Category Archives: politics

Fast fashion: European Union reveals fast fashion crackdown

For every person in the EU, textile consumption requires nine cubic metres of water, 400 square metres of land, 391kg of raw materials, and causes a carbon footprint of about 270kg.

In the UK, politicians have called on the government to change the law to require fashion retailers to comply with environmental standards.

The government rejected most of the Environmental Audit Committee’s recommendations in 2019, including making clothes producers pay for better clothing collection and recycling, but has made textile waste a priority.

https://www.bbc.com/news/science-environment-60913226

Does Dalle think it makes more sense that men should drive than women?

Here is a quick study into the narrative tropes within AI and some interesting work for semiotics. Apparently, #Dalle thinks it makes more sense that men should drive than women. In a simple experiment using an image of my daughter taking me for a drive to generate variations (the last image in this series) – in all instances, #Dalle switched the man to the driver’s seat. Even imparting imagined active gestures for the male and passive gestures for the female in the image. #ai #bias #tropes #gesture #semiotics

https://www.linkedin.com/feed/update/urn:li:activity:6978117340840259584/?commentUrn=urn%3Ali%3Acomment%3A(activity%3A6978117340840259584%2C6978839553402912769)&dashCommentUrn=urn%3Ali%3Afsd_comment%3A(6978839553402912769%2Curn%3Ali%3Aactivity%3A6978117340840259584)

Activists take over billboards to call out impact of flying on global carbon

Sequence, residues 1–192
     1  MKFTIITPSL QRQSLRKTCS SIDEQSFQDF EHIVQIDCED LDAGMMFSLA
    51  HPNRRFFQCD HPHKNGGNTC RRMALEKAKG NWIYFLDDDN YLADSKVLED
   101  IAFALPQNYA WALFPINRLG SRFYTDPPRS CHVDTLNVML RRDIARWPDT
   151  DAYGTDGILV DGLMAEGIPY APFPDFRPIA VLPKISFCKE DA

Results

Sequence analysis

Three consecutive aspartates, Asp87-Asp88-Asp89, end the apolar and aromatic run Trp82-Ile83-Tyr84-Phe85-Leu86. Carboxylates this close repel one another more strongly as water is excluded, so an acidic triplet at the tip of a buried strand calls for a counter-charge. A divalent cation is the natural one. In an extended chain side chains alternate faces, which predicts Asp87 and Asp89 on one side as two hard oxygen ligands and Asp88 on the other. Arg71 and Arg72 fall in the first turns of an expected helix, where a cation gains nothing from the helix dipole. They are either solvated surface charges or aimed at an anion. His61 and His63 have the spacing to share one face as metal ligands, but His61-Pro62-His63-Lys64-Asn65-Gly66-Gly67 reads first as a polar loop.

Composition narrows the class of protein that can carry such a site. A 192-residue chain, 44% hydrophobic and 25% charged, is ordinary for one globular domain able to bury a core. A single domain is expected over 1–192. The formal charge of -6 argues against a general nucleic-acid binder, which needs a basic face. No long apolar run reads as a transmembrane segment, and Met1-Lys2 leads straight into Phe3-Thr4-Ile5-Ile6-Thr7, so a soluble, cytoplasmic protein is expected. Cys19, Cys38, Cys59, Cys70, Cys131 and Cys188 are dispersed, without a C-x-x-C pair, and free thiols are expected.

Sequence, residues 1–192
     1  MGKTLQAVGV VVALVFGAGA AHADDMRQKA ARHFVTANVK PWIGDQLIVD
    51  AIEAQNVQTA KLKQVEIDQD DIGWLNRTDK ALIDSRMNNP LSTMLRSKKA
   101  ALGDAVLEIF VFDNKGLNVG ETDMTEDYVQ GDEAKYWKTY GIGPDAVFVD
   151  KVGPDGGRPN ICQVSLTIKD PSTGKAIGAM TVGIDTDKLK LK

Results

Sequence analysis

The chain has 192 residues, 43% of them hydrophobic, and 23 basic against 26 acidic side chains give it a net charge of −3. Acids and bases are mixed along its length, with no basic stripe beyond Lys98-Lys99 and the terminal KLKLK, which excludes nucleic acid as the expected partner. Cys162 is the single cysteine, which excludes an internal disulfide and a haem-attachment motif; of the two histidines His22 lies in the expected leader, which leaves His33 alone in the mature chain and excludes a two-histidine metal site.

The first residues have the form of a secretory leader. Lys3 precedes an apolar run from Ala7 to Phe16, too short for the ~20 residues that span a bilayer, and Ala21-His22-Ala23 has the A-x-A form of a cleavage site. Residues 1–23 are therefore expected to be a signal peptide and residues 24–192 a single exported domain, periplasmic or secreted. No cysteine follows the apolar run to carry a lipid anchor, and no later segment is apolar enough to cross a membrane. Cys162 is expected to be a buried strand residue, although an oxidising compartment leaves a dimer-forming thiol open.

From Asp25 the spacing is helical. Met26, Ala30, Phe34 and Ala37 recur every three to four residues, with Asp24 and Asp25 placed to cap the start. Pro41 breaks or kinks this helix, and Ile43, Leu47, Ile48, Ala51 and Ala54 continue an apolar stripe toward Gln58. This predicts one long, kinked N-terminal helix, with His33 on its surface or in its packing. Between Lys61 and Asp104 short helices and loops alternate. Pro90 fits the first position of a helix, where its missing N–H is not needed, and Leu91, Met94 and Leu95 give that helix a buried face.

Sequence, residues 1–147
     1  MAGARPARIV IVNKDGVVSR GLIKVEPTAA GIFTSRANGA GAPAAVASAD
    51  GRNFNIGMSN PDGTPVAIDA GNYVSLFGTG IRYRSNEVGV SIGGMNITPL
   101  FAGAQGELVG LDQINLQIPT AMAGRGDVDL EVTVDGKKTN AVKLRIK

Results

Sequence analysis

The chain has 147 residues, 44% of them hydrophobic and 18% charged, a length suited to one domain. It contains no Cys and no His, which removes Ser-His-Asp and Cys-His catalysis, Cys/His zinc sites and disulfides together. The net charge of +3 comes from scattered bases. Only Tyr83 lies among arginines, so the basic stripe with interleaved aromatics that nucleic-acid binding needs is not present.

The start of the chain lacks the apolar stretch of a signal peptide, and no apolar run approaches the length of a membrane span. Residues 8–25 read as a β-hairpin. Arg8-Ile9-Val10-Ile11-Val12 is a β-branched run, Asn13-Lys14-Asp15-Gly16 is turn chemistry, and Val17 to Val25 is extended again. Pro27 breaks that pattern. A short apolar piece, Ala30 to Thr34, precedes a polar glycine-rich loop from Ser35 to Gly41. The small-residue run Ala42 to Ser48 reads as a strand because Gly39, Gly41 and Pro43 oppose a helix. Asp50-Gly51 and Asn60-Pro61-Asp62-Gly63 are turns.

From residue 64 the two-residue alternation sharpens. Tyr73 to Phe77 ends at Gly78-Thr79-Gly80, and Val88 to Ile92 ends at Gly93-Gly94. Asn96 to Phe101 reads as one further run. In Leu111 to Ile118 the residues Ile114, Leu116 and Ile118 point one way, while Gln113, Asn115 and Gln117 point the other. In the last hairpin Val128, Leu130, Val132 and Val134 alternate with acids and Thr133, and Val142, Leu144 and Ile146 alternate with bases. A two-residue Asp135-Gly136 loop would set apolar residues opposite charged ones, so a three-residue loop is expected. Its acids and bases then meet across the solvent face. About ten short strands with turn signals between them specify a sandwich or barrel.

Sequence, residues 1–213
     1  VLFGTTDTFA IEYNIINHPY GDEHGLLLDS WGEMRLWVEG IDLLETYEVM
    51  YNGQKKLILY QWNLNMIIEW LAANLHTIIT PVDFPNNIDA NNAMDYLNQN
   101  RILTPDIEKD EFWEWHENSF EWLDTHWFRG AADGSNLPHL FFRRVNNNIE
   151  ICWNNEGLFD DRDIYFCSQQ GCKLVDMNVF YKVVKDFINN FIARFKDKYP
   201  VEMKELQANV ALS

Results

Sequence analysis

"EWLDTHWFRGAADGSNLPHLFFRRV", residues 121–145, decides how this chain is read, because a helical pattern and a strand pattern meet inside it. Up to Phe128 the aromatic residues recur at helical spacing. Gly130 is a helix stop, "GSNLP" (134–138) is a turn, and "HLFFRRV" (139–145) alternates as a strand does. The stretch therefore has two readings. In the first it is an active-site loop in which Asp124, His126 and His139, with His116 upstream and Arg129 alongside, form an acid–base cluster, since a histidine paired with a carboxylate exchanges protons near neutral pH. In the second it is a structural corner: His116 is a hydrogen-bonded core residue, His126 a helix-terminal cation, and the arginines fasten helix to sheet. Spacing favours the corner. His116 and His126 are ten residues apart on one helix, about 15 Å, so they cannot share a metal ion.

Billboards in 15 European cities have been covered with satirical artwork highlighting the role of airline marketing in driving up greenhouse gas emissions.

https://www.euronews.com/green/2022/09/22/activists-take-over-billboards-to-call-out-impact-of-flying-on-global-carbon-emissions

Shinique Smith and the Politics of Fabric

“It is undeniable and inescapable,” she said recently. “It is a mirror image of what is happening with clothing now and who the clothing is going to…There are whole cultures existing off of our used things. It’s even more complicated now. Now there are so many different people who are oppressed. Fast fashion goes right into a ditch and into another bale.”2 In the physical act of gathering colorful found materials for her work, Smith enfolds layers of dark history into beautiful untidiness, conjuring pasts and presents of labor and toil.

https://sculpturemagazine.art/shinique-smith-and-the-politics-of-fabric/

Richard Powers: “Climate change is a psychological problem”

There is something mystical about Powers – his surname adding to the sense of an other-worldly persona. Yethe is wary of the individualistic notion of “self-reliance”, as emphasised in the American literary tradition of Henry David Thoreau and Ralph Waldo Emerson. “I want transcendentalism without that focus,” he said, warning that, unless we can reconnect with the wider ecosystems we depend on, so much that is meaningful in life risks being lost. “Today’s stage of capitalism is increasingly intoxicated with the idea of increasing our power through technological control of time and space. When I was living in Silicon Valley, I’d go to dinner parties and people would say, ‘Just hold on a little bit longer, because we’re going to cure death.’”